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Digital Learning 2.0 – ‘Evolving Education For The Future

September 13, 2019

Education is a continually developing endeavour, with many different priorities and techniques when it comes to training a workforce. Entering the Fourth Industrial Revolution means that society needs to evaluate the qualities that are necessary from emerging professionals in industries around the world.

Employers and employees alike need to accept that we are now in an age where a substantial and increasing number of tasks will be left almost exclusively to machinery and AI.

A report released in 2018 suggests that by 2022, no less than 54% of all employees will require significant re- and upskilling due to an increase in technological involvement in tasks that previously relied on human input. This is a significant paradigm shift that will affect the workforce significantly, with predictions that nearly 50% of companies will have some reduction of their workforce by this point.

This suggests that the priorities for workers will need to change; Alibaba founder Jack Ma spoke at Davos in 2018 and highlighted the importance of shifting the education process, to stop focusing on knowledge as the end result in a person’s development as machinery will be able to retain far more information than we can. Ma instead promoted the idea of teaching other skills. “Values, believing, independent thinking, teamwork, care for others – the soft skills – sports, music, painting, arts, to make sure humans are different from machines.”

This corresponds with the 2018 jobs report which suggests that skills will increasingly become the new way that we value our employees, with skills such as technological proficiency becoming much more sought after. Interestingly, more ‘human’ skills such as originality, initiative, critical thinking, complex problem-solving and attention to detail will continue to be or become even more relevant in the future workplaces around the globe.

With the rise of Digital Learning 2.0, designed to galvanise learners with new options for how they can develop the skills required for the Fourth Industrial Revolution, the tools for education will need to change. Massive online open courses provided digital access to content for education nearly a decade ago. However, with smartphone technology becoming much more prominent and allowing new micro-education opportunities for users, we have a real opportunity to use technology to keep the workforce up to date and shift the focus to skill-sets that will ensure the longevity of human involvement in aspects of business and industry that machinery cannot be part of.

By
Tim Keogh

Digital Learning 2.0 – ‘Evolving Education For The Future

September 13, 2019

Education is a continually developing endeavour, with many different priorities and techniques when it comes to training a workforce. Entering the Fourth Industrial Revolution means that society needs to evaluate the qualities that are necessary from emerging professionals in industries around the world.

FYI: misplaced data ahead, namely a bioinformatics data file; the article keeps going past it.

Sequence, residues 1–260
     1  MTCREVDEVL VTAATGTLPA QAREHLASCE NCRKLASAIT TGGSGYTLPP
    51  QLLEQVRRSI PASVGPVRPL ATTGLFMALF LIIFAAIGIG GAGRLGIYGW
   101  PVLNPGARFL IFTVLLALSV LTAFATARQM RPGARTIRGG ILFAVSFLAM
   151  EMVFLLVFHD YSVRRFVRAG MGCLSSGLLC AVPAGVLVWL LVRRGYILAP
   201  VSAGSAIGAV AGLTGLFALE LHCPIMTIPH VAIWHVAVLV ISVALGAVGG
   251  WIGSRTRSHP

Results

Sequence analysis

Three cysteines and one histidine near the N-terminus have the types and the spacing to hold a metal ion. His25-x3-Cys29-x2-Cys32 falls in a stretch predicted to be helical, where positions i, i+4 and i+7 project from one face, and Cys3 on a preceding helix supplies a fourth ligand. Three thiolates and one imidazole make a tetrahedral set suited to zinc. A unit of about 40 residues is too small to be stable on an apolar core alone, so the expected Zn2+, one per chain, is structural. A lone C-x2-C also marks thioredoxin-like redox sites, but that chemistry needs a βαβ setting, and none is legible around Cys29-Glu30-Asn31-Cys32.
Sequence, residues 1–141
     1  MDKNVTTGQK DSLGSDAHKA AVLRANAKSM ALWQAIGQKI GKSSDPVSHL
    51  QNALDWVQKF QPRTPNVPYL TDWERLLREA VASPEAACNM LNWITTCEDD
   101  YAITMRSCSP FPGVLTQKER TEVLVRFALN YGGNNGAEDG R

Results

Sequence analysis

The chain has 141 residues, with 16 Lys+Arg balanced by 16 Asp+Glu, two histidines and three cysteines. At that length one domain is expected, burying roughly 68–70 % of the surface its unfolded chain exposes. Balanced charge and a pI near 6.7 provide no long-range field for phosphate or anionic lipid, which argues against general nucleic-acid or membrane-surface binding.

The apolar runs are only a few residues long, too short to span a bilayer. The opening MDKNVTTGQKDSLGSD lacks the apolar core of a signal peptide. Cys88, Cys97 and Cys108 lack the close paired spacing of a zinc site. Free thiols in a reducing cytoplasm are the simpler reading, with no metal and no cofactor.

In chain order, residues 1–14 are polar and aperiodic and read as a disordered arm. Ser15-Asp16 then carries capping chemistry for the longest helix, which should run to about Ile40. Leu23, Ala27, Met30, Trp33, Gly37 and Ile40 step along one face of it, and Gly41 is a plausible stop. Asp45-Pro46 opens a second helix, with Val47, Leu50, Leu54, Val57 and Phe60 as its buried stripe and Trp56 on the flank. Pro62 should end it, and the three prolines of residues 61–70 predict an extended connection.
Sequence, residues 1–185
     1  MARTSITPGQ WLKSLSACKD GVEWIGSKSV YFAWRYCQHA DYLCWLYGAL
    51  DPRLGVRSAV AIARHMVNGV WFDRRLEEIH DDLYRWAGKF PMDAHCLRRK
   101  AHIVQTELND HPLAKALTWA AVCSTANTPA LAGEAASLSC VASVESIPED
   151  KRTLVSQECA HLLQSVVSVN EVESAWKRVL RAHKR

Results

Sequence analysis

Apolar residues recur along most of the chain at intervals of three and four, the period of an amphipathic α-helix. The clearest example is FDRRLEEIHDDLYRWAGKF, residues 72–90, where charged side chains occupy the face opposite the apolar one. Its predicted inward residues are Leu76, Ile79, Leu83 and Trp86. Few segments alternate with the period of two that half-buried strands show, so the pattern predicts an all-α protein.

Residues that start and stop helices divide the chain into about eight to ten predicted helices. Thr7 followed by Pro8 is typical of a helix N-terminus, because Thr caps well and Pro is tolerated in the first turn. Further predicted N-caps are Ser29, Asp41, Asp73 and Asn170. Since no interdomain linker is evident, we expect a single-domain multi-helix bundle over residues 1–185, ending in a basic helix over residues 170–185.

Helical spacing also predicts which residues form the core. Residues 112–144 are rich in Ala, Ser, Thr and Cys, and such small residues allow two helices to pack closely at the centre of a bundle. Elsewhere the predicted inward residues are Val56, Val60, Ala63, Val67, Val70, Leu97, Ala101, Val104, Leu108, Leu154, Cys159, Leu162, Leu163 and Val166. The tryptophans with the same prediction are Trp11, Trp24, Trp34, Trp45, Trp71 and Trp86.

Employers and employees alike need to accept that we are now in an age where a substantial and increasing number of tasks will be left almost exclusively to machinery and AI.

A report released in 2018 suggests that by 2022, no less than 54% of all employees will require significant re- and upskilling due to an increase in technological involvement in tasks that previously relied on human input. This is a significant paradigm shift that will affect the workforce significantly, with predictions that nearly 50% of companies will have some reduction of their workforce by this point.

This suggests that the priorities for workers will need to change; Alibaba founder Jack Ma spoke at Davos in 2018 and highlighted the importance of shifting the education process, to stop focusing on knowledge as the end result in a person’s development as machinery will be able to retain far more information than we can. Ma instead promoted the idea of teaching other skills. “Values, believing, independent thinking, teamwork, care for others – the soft skills – sports, music, painting, arts, to make sure humans are different from machines.”

This corresponds with the 2018 jobs report which suggests that skills will increasingly become the new way that we value our employees, with skills such as technological proficiency becoming much more sought after. Interestingly, more ‘human’ skills such as originality, initiative, critical thinking, complex problem-solving and attention to detail will continue to be or become even more relevant in the future workplaces around the globe.

With the rise of Digital Learning 2.0, designed to galvanise learners with new options for how they can develop the skills required for the Fourth Industrial Revolution, the tools for education will need to change. Massive online open courses provided digital access to content for education nearly a decade ago. However, with smartphone technology becoming much more prominent and allowing new micro-education opportunities for users, we have a real opportunity to use technology to keep the workforce up to date and shift the focus to skill-sets that will ensure the longevity of human involvement in aspects of business and industry that machinery cannot be part of.

Written by:
Tim Keogh

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